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and Coleman cases found that as a "subsidiary matter of detail" to this congressional prerogative, Congress must also determine whether or not the local expressions of consent are "sufficiently contemporaneous in that number of States to reflect the will of the people in all sections at relatively the same period. . . ." Dillon 256 U.S. at 375, 41 S.Ct. at 512. In making its determination that the requisite consensus has been reached in a sufficiently contemporaneous period, the Supreme Court in Coleman, supra, indicated that if no time restriction is set initially, Congress retains its authority  to decide that issue when the requisite number of states have acted.
Our decision that the Congress has the power under Article V to fix a reasonable limit of time for ratification in proposing an amendment proceeds upon the assumption that the question, what is a reasonable time, lies within the congressional province. If it be deemed that such a question is an open one when the limit has not been fixed in advance, we think that it should also be regarded as an open one for the condsideration of the Congress when, in the presence of certified ratifications by three-fourths of the States, the time arrives for the promulgation of the adoption of the amendment. The decision by the Congress, in its control of the action of the Secretary of State, of the question whether the amendment had been adopted within a reasonable time would not be subject to review by the courts.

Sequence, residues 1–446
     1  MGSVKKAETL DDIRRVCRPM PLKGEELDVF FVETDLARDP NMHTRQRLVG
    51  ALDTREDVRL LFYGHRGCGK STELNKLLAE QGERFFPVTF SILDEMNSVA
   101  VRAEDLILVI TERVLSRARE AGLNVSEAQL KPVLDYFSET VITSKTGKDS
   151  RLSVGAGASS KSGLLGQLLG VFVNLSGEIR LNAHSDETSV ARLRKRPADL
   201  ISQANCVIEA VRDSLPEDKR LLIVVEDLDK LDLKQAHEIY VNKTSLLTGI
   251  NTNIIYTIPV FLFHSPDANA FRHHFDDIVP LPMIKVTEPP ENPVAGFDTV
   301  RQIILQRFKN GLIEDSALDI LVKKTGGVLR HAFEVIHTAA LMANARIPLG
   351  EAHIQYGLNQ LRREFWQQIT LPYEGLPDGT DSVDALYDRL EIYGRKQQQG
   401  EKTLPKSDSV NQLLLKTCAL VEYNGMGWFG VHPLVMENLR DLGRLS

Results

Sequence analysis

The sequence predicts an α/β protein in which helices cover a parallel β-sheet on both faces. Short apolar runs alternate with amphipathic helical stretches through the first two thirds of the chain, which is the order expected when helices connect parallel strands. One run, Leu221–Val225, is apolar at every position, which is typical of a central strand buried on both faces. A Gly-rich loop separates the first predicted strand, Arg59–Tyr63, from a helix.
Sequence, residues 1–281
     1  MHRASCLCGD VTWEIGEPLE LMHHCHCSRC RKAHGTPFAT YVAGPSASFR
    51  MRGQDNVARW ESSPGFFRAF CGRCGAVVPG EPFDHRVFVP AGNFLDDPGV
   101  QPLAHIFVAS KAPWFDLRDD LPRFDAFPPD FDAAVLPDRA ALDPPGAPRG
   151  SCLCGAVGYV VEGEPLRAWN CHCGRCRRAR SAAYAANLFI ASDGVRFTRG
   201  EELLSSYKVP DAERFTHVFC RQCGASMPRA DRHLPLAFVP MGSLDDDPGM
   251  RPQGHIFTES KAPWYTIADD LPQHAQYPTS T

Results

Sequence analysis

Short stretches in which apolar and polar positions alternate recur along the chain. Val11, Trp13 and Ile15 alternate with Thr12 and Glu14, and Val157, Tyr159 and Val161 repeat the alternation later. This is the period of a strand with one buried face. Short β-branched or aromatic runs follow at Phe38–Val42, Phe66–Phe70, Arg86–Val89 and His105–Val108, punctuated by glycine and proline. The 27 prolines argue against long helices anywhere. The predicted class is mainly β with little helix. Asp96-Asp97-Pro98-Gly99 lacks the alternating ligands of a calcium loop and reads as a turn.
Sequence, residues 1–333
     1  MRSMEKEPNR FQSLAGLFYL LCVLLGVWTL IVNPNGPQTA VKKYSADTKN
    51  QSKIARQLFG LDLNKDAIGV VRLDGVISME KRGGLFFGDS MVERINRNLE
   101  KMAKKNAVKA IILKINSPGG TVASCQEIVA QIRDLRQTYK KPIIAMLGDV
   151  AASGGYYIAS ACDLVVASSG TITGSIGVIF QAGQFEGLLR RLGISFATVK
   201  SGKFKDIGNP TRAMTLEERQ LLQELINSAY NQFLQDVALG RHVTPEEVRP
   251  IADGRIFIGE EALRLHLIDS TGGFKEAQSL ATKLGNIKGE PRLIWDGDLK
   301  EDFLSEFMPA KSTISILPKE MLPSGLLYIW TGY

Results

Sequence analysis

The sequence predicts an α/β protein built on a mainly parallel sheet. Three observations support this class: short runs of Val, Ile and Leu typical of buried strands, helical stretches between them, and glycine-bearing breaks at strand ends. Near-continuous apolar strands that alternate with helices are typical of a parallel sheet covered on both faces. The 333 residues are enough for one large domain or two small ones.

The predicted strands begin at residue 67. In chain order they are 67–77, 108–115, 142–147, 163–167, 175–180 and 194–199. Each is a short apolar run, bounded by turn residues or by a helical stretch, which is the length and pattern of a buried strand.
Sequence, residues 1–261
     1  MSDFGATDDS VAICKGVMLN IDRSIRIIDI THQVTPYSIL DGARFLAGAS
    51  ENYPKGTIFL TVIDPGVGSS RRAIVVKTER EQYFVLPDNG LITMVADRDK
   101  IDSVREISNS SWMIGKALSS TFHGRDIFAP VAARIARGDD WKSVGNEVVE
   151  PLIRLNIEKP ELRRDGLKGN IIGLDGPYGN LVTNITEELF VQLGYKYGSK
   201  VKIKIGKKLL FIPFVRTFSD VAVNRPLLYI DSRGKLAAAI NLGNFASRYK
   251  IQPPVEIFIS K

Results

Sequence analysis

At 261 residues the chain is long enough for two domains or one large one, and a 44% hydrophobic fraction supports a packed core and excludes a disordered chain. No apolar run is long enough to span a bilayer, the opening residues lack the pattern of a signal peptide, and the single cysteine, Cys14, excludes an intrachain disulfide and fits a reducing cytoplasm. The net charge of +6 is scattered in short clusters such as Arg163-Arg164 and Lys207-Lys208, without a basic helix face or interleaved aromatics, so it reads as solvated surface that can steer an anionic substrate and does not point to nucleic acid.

Id. 307 U.S. at 454, 59 S.Ct. at 982. The court in Dillon further clarified the scope of Congress' power by indicating that while Congress is not compelled to make a determination of a reasonable time period in advance of the actions of the requisite number of states, it is not precluded from doing so. The Dillon court held that Congress may fix a reasonable time in advance "so that all may know what it is and speculation . . . be avoided." Id. 256 U.S. at 376, 41 S.Ct. at 513. It should be noted that the Dillon court did not intimate that the setting of a definite time period was a projection or preliminary assessment of a reasonable time period which would be reevaluated as time passed. Rather, the Court indicated that the exercise of Congress' power to set a time period for ratification is one which is intended to infuse certainty into an area which is inherently vague. Thus the inference that can be drawn from Dillon and Coleman is that within Congress' role of determining a reasonably contemporaneous consensus, or in other words, determining whether the socio/political, economic forces giving rise to the amendment remain alive and unchanged during the period in which the states act in giving their assent to the proposal, Congress may exercise its function in one of two ways: first, it can leave the question of a reasonable time open until the requisite number of states have acted and thus continually monitor the viability of the amendment; second, where it appears to Congress that the socio/ political, economic factors giving rise to the amendment are such that they are unlikely to change for an indefinite period of time, and rather than have the proposed amendment pending perpetually, Congress can set an arbitrary yet reasonable time period in